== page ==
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IRA Contribution Limits Increase

Each year in October, the IRS announces the cost-of-living adjustments (COLAs) that will apply to retirement savings plans for the following calendar year. This chart provides the IRA limits for 2019 and shows how the limits have changed over the past few years. In some years, the increase in the cost-of-living index does not meet the statutory thresholds that trigger increased limits. For 2019, most of the limits increased.

Cost of Living Adjustments

TRADITIONAL IRA 2019 2018 2017
Contribution limit $6,000 $5,500 $5,500
Catch-up contribution $1,000 $1,000 $1,000
Active participant, married, joint filer tax deduction phase-out range $103,000–$123,000 $101,000–$121,000 $99,000–$119,000
Active participant, single filer tax deduction phase-out range $64,000–$74,000 $63,000–$73,000 $62,000–$72,000
Joint filer, married to active participant tax deduction phase-out range $193,000–$203,000 $189,000–$199,000 $186,000–$196,000
ROTH IRA 2019 2018 2017
Contribution limit $6,000 $5,500 $5,500
Catch-up contribution $1,000 $1,000 $1,000
Married, joint filer eligibility phase-out range $193,000–$203,000 $189,000–$199,000 $186,000–$196,000
Single filer eligibility phase-out range $122,000–$137,000 $120,000–$135,000 $118,000–$133,000
SEP IRA PLAN 2019 2018 2017
Minimum compensation $600 $600 $600
Maximum employer contribution $56,000 $55,00 $54,000
Compensation cap $280,000 $275,000 $270,000
SIMPLE IRA PLAN 2019 2018 2017
Maximum employee contribution $13,000 $12,500 $12,500
Catch-up contribution $3,000 $3,000 $3,000

Making Traditional, Roth, SEP & SIMPLE IRA Contributions for 2019

Traditional IRA – The maximum amount you may contribute to an IRA for 2019 is the smaller of 100% of your compensation or $6,000. If you are age 50 or older, you have the option of making a “catch-up” contribution of up to $1,000 each year. The maximum annual contribution limit applies in aggregate to all of your Traditional and Roth IRAs.

Traditional IRA contributions are generally fully deductible unless you or your spouse is covered by an employer’s retirement plan, such as a 401(k) plan. If you or your spouse is participating in an employer plan, the deductibility of your Traditional IRA contributions will depend on whether your modified adjusted gross income (MAGI) exceeds the limits listed in the above chart. For example, if you are married, filing a joint tax return, and are participating in a 401(k) plan at work in 2019, your annual IRA contribution will be fully deductible if your MAGI is under $103,000, and partially deductible if your MAGI is between $103,000 and $123,000. If your MAGI is $123,000 or higher, your Traditional IRA contributions will not be deductible.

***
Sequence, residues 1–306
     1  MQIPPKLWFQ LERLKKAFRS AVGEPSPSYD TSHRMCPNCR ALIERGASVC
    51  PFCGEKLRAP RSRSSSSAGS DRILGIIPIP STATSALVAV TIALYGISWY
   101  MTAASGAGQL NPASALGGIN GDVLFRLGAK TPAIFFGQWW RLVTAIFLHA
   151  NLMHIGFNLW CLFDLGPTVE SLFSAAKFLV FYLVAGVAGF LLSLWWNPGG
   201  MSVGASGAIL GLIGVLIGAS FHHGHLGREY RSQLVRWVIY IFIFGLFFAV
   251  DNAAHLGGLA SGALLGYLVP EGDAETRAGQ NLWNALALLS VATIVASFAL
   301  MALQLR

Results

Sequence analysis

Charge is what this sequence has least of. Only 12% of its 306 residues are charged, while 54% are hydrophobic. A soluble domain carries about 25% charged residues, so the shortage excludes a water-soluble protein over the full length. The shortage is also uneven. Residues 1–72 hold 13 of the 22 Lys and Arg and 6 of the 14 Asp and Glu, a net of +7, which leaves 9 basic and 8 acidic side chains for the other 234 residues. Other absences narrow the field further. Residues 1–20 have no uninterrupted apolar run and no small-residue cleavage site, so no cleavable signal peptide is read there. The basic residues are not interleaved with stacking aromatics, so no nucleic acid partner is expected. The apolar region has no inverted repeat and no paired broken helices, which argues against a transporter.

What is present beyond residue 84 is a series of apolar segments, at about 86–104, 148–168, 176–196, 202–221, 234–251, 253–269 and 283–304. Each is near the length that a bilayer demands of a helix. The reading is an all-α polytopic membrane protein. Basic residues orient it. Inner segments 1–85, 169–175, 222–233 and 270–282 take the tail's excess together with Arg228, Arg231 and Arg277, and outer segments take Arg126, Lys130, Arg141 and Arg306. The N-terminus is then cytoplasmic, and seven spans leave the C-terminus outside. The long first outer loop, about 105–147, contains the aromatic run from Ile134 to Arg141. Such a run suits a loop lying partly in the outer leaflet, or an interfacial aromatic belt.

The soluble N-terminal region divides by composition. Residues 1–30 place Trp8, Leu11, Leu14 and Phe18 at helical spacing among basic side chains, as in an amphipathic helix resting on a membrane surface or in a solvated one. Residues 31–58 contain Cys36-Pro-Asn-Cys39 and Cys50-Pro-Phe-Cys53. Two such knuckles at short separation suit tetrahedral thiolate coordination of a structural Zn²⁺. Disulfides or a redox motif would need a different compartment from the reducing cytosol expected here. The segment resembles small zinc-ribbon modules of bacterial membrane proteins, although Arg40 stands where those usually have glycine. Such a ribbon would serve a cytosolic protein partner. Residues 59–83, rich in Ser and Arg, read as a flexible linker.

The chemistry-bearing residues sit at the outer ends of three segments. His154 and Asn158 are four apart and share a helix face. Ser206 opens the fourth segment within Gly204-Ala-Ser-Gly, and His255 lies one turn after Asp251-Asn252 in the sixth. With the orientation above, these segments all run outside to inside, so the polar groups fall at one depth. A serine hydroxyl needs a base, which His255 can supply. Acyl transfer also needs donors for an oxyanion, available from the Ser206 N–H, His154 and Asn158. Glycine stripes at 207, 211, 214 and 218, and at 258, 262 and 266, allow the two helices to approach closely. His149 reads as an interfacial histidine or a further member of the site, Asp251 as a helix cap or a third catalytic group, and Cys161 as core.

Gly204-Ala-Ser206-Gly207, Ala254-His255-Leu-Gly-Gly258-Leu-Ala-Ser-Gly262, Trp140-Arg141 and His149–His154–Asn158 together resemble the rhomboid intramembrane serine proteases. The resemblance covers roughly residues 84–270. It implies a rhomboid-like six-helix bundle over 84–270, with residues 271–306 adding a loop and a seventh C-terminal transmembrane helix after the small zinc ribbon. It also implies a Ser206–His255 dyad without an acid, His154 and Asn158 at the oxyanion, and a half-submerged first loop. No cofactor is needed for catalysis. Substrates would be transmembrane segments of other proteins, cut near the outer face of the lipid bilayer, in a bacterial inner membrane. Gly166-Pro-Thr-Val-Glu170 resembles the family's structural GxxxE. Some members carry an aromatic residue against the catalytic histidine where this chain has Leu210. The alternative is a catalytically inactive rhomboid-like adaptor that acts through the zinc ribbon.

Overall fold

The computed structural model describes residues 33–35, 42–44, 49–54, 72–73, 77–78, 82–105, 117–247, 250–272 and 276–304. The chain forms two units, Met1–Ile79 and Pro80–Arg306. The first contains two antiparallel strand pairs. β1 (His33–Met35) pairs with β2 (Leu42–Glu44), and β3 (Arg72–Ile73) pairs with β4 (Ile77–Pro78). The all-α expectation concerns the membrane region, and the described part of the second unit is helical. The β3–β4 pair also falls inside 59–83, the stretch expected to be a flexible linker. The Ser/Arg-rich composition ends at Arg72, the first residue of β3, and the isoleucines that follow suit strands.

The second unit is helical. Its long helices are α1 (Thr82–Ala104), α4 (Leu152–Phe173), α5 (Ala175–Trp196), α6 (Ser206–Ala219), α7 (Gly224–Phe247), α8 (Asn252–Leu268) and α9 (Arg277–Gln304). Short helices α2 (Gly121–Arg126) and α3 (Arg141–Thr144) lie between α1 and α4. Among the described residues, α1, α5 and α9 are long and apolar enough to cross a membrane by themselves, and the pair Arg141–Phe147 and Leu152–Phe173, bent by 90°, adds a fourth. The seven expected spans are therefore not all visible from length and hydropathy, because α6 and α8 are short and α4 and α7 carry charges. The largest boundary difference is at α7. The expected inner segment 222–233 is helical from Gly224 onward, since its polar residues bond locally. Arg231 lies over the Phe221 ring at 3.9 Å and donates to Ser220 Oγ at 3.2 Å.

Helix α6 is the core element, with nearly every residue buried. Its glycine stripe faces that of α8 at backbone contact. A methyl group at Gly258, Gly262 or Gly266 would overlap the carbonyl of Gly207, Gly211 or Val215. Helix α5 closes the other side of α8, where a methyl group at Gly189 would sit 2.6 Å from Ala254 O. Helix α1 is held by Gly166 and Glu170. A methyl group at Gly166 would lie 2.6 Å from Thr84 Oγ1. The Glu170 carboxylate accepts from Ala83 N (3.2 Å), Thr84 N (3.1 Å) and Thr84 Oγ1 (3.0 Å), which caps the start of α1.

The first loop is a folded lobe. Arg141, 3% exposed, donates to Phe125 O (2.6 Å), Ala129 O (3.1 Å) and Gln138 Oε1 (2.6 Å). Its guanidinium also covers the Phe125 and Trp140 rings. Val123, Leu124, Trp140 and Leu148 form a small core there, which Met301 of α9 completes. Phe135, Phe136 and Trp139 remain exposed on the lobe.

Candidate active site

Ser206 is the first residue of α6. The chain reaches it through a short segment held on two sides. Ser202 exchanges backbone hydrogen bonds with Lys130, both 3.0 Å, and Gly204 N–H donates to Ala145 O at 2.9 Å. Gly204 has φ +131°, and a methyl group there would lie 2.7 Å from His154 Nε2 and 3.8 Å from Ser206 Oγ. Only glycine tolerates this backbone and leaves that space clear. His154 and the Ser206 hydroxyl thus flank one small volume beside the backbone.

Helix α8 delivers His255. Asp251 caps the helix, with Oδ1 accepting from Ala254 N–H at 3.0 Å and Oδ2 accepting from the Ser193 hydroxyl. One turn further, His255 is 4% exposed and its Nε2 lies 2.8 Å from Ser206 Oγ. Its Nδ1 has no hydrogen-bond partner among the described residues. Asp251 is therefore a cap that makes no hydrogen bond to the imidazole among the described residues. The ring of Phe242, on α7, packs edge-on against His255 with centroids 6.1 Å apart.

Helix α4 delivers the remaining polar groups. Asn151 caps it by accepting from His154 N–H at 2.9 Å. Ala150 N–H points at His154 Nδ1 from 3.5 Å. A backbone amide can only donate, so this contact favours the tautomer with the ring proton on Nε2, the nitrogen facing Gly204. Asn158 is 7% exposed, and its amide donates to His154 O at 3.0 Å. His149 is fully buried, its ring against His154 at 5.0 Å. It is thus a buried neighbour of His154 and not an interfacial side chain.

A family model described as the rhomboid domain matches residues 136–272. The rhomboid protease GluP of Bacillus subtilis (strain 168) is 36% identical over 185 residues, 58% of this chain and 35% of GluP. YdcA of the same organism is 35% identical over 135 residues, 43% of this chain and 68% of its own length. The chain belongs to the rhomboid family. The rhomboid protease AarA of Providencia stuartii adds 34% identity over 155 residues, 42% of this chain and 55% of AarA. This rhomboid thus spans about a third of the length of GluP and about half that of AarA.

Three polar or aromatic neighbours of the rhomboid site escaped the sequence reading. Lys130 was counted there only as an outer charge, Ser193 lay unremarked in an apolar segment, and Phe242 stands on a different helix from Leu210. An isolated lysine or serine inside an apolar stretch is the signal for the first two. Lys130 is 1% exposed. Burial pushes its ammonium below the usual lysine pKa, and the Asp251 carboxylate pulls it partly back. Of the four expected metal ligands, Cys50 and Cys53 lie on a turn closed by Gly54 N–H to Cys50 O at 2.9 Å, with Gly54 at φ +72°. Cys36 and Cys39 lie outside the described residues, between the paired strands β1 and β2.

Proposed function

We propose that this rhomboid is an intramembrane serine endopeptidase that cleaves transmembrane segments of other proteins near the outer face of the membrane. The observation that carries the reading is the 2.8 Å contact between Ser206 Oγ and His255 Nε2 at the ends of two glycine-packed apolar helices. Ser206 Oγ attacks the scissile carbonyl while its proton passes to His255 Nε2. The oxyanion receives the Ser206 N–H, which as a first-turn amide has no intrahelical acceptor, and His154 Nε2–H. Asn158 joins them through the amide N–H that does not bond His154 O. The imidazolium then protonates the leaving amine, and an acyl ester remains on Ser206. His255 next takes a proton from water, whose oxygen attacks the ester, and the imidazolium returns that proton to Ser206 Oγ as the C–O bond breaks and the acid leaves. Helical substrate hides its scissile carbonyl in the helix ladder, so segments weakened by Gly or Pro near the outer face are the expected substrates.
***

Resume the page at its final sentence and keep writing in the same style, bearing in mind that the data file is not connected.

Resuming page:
Roth IRA – The maximum amount you may contribute to a Roth IRA is the same as for Traditional IRAs: the smaller of 100% of compensation or $6,000. You have one limit for both Traditional and Roth IRA contributions each year. Individuals who are age 50 or over can make an additional $1,000 contribution.

If you have MAGI above a certain level, however, you are not eligible to make a Roth IRA contribution for the year. For example, if you are married and filing a joint tax return for 2019, you may contribute the full amount to a Roth IRA if your MAGI is less $193,000. If your MAGI is between $193,000 and $203,000, you may make a partial contribution. If your MAGI is $203,000 or higher, you cannot contribute to a Roth IRA for 2019.

IRS Publication 590-A, Contributions to Individual Retirement Arrangements, contains worksheets you can use to calculate Traditional IRA deductions and Roth IRA eligibility (www.irs.gov).

SEP Plan – Only the employer sponsoring the SEP plan may make SEP plan contributions. The maximum limit on contributions is of the lesser of 25% of an employee’s compensation or $56,000 for 2019. Only compensation up to $280,000 can be considered for contribution calculations. SEP plan contributions are made to an individual’s traditional IRA.

SIMPLE IRA Plan – Both employees and employers may make contributions to a SIMPLE IRA under an employer’s SIMPLE IRA plan. Employees may defer up to $13,000 for 2019, plus an additional $3,000 if the employee is age 50 or older. Employer contributions may either be matching contributions or non-elective contributions. Matching contributions may only be calculated on compensation up to $280,000 for 2019, but non-elective contributions are not subject to this limit.

strata-faviconFor a full list of IRA contribution limits, visit STRATA’s IRA Annual Limits.